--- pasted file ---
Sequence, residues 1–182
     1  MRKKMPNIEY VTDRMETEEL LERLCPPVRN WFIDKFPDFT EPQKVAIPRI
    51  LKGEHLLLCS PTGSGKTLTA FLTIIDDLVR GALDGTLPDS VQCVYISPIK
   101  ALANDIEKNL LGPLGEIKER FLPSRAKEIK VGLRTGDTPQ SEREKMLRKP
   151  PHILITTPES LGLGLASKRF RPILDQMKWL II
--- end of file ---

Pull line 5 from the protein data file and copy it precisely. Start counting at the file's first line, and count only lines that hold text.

   151  PHILITTPES LGLGLASKRF RPILDQMKWL II